A few years ago, the word “civility” was all the rage. You read about its importance in op-eds. You heard about it on television. You saw rabbis giving sermons about it all the time.
You hear about it a lot less these days.
The past few weeks, the president of the United States has said things and been present at rallies that have been widely interpreted by many as racist. From criticisms of American cities where the residents are predominantly black, to chants of “send them back!” about four female legislators who are American citizens, we have seen a coarseness and a vituperative hate in our public discourse the likes of which I personally have never witnessed.
If civility was on life support for the past few years, recent weeks in America may have killed it altogether.
It’s not that civility, the idea, is dead. In principle, acting toward others with a sense of openmindedness and a belief in their good intentions remains an important value, both for us as Americans and as a Jews. It is in Pirkei Avot that we are taught to “judge everyone with the benefit of the doubt.” In a famous story about Hillel and Shammai, we learn that they argued for three years, but that when the House of Hillel won, it was only because they were magnanimous and kindhearted, and taught both sides of the argument wherever they went. Civility still exists, and G-d-willing, there should soon come a time for it to return to the public sphere.
But not now.
That’s because there is a different operating principle that the Jewish community has now confronted due to the rough language of our current moment. That principle is: Silence is assent. That value also comes from the Talmud. According to Jewish law, for testimony to be valid, there must be two witnesses that will testify to it. When there are two witnesses to an act, and the first makes a statement in regard to the act, but the second remains silent, the court follows the legal concept that “shtika k’hoda’ah dumia” — silence is assent. By remaining silent, it is assumed that we agree with everything that is going on, and everything that is said.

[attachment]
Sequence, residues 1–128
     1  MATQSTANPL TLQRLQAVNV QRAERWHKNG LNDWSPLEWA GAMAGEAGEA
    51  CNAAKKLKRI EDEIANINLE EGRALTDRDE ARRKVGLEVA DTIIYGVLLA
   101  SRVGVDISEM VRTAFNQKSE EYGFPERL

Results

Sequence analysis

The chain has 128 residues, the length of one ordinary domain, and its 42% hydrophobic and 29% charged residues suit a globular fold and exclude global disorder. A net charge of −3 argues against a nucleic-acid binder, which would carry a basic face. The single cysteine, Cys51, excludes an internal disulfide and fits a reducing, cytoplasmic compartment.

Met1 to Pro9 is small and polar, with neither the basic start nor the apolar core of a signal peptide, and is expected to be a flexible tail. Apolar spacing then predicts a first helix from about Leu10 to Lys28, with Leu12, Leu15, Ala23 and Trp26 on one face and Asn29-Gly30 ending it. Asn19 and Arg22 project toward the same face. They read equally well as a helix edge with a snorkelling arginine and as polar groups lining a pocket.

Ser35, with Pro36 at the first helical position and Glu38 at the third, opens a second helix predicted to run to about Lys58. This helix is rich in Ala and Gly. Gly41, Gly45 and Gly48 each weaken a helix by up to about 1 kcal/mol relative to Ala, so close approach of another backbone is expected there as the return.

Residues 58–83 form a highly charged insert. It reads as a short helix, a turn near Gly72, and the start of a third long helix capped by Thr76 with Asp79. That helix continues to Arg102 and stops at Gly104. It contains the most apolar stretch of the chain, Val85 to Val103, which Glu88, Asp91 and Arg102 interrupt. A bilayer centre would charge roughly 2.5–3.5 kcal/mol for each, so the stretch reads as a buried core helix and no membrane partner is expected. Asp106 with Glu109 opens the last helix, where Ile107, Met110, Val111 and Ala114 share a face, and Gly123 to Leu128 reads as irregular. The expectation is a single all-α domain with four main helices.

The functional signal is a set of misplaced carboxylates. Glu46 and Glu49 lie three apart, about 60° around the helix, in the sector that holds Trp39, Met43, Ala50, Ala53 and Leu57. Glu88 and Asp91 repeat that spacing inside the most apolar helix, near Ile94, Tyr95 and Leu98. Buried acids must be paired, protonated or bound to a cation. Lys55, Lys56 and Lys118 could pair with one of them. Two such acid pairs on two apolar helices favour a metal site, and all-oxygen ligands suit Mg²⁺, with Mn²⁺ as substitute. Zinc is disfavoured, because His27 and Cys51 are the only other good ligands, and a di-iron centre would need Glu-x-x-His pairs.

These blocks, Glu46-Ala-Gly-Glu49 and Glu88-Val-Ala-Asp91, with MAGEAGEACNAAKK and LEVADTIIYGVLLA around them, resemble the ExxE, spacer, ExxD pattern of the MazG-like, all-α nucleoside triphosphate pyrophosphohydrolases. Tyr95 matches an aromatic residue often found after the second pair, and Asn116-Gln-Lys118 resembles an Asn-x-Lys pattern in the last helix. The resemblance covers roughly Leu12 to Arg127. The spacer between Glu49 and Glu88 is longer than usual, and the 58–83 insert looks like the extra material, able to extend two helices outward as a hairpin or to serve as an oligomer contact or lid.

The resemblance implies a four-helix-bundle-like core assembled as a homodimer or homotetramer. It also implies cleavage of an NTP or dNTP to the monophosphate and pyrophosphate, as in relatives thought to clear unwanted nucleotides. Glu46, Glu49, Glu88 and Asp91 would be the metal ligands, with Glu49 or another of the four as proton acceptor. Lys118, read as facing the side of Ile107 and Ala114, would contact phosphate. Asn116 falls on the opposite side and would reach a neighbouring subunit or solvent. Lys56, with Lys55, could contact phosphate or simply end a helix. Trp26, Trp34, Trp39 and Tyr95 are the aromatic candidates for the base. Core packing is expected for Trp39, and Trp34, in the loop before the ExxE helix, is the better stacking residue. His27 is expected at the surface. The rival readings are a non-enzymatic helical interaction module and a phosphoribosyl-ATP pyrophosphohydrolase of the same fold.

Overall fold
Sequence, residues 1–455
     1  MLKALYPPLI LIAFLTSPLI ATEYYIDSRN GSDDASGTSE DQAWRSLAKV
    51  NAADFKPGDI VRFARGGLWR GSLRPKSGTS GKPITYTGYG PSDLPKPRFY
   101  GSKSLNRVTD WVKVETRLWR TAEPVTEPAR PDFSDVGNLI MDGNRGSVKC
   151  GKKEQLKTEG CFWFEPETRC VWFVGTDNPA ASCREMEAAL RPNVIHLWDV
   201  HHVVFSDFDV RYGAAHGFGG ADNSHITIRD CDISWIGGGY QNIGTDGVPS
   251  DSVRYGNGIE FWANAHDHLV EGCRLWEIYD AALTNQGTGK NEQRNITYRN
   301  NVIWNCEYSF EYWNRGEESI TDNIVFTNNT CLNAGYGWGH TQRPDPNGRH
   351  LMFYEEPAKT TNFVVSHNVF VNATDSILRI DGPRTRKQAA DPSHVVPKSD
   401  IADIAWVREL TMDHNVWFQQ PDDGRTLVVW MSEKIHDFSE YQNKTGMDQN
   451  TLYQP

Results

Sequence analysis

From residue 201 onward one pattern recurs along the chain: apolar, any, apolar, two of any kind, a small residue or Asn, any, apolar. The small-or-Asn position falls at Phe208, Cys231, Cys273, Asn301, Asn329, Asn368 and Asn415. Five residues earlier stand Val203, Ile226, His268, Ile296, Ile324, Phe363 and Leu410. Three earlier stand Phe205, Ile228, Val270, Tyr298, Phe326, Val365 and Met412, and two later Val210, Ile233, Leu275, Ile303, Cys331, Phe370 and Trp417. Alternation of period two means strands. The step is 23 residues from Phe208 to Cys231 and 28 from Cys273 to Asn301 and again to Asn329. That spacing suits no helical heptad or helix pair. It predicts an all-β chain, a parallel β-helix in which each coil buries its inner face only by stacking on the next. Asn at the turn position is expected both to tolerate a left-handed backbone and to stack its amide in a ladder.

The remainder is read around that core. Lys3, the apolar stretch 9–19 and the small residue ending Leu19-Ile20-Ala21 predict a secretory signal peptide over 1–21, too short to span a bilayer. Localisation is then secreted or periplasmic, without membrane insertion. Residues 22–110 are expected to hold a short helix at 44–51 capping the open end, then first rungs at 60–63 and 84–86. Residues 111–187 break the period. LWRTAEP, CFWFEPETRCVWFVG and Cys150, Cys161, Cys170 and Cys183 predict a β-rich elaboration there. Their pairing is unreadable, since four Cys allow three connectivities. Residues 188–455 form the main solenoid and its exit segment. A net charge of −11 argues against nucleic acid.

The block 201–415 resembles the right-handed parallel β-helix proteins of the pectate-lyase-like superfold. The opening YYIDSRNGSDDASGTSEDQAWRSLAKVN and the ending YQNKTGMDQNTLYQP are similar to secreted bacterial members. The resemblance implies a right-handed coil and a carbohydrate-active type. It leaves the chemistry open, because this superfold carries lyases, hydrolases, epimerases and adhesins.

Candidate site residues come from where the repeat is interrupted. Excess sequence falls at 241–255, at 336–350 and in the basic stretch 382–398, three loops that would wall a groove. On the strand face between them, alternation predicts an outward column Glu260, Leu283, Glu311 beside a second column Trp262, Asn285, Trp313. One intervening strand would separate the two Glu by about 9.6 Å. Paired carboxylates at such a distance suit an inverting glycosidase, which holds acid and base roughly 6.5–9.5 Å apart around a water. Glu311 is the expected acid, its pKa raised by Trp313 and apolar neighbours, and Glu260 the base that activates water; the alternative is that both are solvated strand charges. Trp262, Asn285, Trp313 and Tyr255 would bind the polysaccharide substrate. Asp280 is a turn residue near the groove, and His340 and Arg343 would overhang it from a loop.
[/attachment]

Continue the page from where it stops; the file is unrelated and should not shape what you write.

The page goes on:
There are those that Judaism regards as unfitting to testify as witnesses. Among the category of individuals unfit for testimony are slaves, minors and imbeciles. All are believed to lack the intelligence or the self-agency to make important determinations that might determine an important outcome.
We as Jews — as Americans — are all witnesses to the events of our time, including the outrageous ones and the unjust ones, the offensive ones and the hateful ones. We must not remain silent in the face of racism. We cannot accept the indefinite detention of migrant children in abysmal conditions at our nation’s borders. We must express our outrage against those who attempt to pervert democracy from outside our borders, and those within our borders who blindly allow it to happen, in hopes that the perversion of our election might serve to benefit them.
We each must find our voice, both independently and collectively, to express that we do not approve. If we remain silent, we telegraph to each other and the world that we agree with every act, every word, every immorality, that we witness. We are either witnesses with voices, or we are imbeciles, unfit for testimony, lacking the basic qualities that make us worthy to be free people. To quote Abraham Joshua Heschel, “We must declare a state of moral emergency. The hour calls for high moral grandeur and spiritual audacity.” The time for civility is over. The time for words and actions is now. pjc
Rabbi Mark Asher Goodman is the spiritual leader of Brith Sholom Jewish Center in Erie. He lives in Pittsburgh, and teaches in and around the Greater Pittsburgh Jewish community.